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PLoS One. 2012;7(3):e33362. doi: 10.1371/journal.pone.0033362. Epub 2012 Mar 12.

Evaluation of the role of Candida albicans agglutinin-like sequence (Als) proteins in human oral epithelial cell interactions.

Author information

1
Department of Oral Immunology, King's College London Dental Institute, King's College London, London, United Kingdom. celia.murciano@kcl.ac.uk

Abstract

The fungus C. albicans uses adhesins to interact with human epithelial surfaces in the processes of colonization and pathogenesis. The C. albicans ALS (agglutinin-like sequence) gene family encodes eight large cell-surface glycoproteins (Als1-Als7 and Als9) that have adhesive function. This study utilized C. albicans Δals mutant strains to investigate the role of the Als family in oral epithelial cell adhesion and damage, cytokine induction and activation of a MAPK-based (MKP1/c-Fos) signaling pathway that discriminates between yeast and hyphae. Of the eight Δals mutants tested, only the Δals3 strain showed significant reductions in oral epithelial cell adhesion and damage, and cytokine production. High fungal:epithelial cell multiplicities of infection were able to rescue the cell damage and cytokine production phenotypes, demonstrating the importance of fungal burden in mucosal infections. Despite its adhesion, damage and cytokine induction phenotypes, the Δals3 strain induced MKP1 phosphorylation and c-Fos production to a similar extent as control cells. Our data demonstrate that Als3 is involved directly in epithelial adhesion but indirectly in cell damage and cytokine induction, and is not the factor targeted by oral epithelial cells to discriminate between the yeast and hyphal form of C. albicans.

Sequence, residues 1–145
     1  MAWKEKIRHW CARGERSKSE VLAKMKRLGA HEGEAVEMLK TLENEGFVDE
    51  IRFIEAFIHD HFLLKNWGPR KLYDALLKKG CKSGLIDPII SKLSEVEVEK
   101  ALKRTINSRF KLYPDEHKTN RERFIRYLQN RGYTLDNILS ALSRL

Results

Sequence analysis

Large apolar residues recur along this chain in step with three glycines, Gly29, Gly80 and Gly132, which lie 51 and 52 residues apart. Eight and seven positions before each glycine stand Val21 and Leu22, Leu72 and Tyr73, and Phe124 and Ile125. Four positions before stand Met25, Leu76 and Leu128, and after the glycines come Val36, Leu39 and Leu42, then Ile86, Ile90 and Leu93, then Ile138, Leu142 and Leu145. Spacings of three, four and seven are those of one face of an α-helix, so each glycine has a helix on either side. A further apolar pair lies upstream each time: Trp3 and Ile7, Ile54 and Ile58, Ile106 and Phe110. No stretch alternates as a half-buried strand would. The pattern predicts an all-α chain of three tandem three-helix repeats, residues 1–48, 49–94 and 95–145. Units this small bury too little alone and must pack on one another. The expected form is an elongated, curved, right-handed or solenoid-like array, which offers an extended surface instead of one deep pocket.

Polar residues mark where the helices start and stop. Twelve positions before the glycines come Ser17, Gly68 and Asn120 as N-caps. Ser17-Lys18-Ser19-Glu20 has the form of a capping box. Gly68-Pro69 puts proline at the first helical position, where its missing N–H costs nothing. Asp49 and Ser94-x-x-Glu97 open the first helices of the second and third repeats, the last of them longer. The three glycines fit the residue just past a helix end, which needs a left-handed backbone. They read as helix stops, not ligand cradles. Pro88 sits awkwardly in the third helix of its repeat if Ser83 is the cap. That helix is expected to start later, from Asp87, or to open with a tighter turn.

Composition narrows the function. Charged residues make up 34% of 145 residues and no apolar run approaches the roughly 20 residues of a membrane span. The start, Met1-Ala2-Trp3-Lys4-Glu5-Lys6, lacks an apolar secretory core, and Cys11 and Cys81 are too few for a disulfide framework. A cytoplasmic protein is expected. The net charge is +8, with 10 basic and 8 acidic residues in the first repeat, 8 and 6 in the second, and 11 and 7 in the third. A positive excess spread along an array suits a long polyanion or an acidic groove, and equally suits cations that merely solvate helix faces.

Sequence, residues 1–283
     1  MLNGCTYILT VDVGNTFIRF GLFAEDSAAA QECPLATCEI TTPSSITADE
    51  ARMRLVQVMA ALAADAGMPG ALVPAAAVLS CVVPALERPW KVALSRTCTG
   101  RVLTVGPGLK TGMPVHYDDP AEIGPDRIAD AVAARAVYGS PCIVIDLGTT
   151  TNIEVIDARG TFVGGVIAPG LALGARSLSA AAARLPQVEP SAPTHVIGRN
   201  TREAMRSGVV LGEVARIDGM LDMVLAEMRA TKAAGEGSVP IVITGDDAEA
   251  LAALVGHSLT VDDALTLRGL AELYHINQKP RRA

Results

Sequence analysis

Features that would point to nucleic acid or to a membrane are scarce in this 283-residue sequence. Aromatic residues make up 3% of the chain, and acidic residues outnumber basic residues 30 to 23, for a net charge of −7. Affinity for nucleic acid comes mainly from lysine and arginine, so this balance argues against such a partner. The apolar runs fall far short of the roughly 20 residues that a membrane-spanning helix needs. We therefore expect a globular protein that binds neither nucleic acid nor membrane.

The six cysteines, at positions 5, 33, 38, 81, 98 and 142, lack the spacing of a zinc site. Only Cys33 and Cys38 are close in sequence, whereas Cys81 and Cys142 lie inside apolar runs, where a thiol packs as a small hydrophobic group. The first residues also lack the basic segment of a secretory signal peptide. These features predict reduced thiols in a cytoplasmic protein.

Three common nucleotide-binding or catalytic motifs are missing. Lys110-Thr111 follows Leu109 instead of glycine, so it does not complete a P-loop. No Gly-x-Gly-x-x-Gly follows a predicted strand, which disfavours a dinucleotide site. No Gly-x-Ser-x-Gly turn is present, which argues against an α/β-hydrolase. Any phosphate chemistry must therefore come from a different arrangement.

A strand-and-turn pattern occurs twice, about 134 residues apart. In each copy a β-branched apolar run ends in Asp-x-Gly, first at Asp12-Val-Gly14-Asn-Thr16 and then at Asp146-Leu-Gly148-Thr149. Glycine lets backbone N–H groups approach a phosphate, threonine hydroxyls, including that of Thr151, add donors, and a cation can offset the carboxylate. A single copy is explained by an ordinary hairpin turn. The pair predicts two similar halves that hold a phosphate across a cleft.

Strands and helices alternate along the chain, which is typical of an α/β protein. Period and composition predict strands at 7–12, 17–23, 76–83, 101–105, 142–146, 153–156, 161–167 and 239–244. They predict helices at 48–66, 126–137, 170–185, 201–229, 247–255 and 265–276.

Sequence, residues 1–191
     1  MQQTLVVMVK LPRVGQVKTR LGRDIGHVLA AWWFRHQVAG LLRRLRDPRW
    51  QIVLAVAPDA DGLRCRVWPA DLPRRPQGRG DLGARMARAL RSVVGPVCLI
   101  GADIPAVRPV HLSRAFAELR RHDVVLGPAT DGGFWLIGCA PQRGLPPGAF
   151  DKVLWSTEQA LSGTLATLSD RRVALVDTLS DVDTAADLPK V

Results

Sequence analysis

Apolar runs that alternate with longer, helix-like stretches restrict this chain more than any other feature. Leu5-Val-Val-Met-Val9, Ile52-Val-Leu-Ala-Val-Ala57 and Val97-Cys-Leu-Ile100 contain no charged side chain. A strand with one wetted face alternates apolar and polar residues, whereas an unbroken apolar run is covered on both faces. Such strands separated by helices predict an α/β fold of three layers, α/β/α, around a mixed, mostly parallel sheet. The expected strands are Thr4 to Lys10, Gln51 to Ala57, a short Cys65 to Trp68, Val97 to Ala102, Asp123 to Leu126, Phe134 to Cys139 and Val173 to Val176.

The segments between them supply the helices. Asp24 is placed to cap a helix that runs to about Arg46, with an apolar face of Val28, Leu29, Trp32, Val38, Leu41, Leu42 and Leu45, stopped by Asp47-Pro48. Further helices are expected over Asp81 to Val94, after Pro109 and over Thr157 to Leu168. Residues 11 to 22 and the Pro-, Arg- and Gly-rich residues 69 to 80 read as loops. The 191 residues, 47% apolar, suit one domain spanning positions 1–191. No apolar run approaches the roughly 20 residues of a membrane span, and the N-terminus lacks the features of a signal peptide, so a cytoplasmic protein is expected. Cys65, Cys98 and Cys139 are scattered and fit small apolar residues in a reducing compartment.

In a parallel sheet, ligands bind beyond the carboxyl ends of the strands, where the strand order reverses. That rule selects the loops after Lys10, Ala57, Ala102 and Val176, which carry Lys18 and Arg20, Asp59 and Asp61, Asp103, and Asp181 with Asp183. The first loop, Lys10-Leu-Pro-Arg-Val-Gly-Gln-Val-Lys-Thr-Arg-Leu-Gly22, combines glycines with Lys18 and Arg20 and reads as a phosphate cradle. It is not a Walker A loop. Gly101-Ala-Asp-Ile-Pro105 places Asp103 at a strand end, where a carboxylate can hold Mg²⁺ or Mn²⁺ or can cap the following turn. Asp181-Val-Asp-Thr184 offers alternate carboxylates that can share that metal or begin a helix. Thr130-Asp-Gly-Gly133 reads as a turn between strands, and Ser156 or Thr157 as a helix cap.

PMID:
22428031
PMCID:
PMC3299778
DOI:
10.1371/journal.pone.0033362
[Indexed for MEDLINE]
Free PMC Article

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